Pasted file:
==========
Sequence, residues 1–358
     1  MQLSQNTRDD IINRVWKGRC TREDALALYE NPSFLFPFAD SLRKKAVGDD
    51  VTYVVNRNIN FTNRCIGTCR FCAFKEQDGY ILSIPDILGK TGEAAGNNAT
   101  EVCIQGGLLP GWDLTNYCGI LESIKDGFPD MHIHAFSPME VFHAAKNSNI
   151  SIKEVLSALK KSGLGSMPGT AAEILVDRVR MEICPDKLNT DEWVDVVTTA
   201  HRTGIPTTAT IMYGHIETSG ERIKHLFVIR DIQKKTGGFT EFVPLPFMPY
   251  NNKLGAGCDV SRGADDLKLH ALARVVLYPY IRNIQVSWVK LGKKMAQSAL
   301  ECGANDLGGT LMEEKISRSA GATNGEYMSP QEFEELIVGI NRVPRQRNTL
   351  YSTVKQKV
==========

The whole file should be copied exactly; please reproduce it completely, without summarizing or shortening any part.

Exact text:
Sequence, residues 1–358
     1  MQLSQNTRDD IINRVWKGRC TREDALALYE NPSFLFPFAD SLRKKAVGDD
    51  VTYVVNRNIN FTNRCIGTCR FCAFKEQDGY ILSIPDILGK TGEAAGNNAT
   101  EVCIQGGLLP GWDLTNYCGI LESIKDGFPD MHIHAFSPME VFHAAKNSNI
   151  SIKEVLSALK KSGLGSMPGT AAEILVDRVR MEICPDKLNT DEWVDVVTTA
   201  HRTGIPTTAT IMYGHIETSG ERIKHLFVIR DIQKKTGGFT EFVPLPFMPY
   251  NNKLGAGCDV SRGADDLKLH ALARVVLYPY IRNIQVSWVK LGKKMAQSAL
   301  ECGANDLGGT LMEEKISRSA GATNGEYMSP QEFEELIVGI NRVPRQRNTL
   351  YSTVKQKV